Bruvel’s relationship with wood began thanks to his father, who was a cabinetmaker. After gaining woodworking skills from his father, he then spent time in a restoration workshop where his knowledge of wood deepened. By putting this knowledge to work, Bruvel is able to deftly craft his portraits while also paying homage to his chosen medium.
The sculptor uses a wood-burning technique called yakisugi to treat his wood naturally. Commonly employed in Japan, this technique brings a deep charcoal color to the wood, which is later painted in colorful gradients to represent the emotions that flow through our minds. According to the type of wood and the duration of the burning, Bruvel brings out different textures that add to the final sculpture.
“Brushing the ash away from the surface exposes the accentuated pattern of the wood grain,” he shares. “This is of interest to me in relation to the subject matter of the faces, which are meditative.”
But Bruvel’s work is not limited to wood. The exhibition also highlights his Flow series, which are sculptures rendered in steel. Here, the faces are built up of strips and strands of steel. Masterfully molded, these individual pieces build up the facial features. Again playing with texture, the final result is surprisingly soft given the hardness of the material.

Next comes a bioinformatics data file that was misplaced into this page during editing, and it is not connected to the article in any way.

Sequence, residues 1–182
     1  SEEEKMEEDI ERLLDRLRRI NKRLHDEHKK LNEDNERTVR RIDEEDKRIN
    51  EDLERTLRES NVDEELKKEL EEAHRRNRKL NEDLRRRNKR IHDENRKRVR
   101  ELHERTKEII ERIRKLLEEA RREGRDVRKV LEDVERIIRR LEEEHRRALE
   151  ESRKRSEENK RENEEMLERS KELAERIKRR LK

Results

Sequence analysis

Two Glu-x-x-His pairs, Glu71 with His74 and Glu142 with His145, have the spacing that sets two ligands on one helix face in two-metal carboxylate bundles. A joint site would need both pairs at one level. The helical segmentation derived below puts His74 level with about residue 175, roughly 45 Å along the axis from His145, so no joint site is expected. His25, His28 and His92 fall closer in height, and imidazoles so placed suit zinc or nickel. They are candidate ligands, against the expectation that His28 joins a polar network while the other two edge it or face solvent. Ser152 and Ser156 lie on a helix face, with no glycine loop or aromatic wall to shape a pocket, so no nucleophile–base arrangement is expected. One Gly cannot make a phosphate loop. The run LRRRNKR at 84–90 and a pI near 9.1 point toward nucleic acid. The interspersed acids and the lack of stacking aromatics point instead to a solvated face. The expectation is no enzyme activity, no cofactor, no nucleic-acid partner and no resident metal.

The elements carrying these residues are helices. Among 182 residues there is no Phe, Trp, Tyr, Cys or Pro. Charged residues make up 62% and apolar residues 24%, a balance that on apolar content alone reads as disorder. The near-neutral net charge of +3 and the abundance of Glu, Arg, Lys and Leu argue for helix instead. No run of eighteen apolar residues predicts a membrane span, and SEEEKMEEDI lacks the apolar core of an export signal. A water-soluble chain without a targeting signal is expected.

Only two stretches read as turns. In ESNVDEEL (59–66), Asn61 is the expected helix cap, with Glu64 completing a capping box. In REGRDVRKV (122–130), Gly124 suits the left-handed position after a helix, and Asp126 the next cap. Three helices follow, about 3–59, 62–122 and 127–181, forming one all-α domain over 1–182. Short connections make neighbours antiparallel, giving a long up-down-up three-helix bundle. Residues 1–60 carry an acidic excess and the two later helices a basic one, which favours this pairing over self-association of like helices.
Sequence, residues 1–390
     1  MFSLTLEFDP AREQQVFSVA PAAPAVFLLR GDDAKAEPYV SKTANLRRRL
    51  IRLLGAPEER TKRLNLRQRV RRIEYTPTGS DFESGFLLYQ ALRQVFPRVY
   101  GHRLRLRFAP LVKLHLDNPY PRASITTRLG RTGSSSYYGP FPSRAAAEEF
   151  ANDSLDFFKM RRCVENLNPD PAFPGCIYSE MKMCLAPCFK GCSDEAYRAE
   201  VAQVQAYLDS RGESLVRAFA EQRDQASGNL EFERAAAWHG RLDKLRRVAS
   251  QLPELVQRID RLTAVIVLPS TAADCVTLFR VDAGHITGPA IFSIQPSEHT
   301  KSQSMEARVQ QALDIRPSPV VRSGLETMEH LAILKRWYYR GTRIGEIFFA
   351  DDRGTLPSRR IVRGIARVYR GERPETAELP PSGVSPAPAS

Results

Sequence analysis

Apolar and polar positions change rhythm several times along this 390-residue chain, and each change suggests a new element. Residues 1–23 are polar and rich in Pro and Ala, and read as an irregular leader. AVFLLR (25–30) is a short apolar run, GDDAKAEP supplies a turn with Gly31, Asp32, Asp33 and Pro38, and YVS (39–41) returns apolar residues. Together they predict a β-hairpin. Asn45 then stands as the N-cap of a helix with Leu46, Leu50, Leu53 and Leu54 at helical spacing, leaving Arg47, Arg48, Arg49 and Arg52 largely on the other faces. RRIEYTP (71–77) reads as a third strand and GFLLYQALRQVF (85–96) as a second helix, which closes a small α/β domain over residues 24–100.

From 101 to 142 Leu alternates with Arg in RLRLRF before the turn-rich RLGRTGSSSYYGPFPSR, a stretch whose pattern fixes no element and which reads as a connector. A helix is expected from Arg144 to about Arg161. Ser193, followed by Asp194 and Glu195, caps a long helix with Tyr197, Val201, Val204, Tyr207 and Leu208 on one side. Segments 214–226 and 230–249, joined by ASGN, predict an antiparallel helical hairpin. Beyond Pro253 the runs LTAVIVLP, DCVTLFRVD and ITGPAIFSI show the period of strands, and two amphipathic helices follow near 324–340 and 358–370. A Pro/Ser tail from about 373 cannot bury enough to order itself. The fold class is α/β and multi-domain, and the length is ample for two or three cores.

Through his pixelated forms and curving lines, Bruvel aims to bring serenity and peace to the viewer, while also rendering an organic material into something geometric. The end results are sculptures that are undeniably unique and evocative.
Face to Face is currently on view at
Gil Bruvel’s pixelated wood sculptures of faces are on view in a new exhibition in Paris.
Bruvel uses a Japanese technique to burn thousands of wood sticks which he then uses to create portraits.
Their pixelated forms are painted in colorful gradients to represent inner emotions.
Bruvel also works in steel, creating portraits from flowing forms.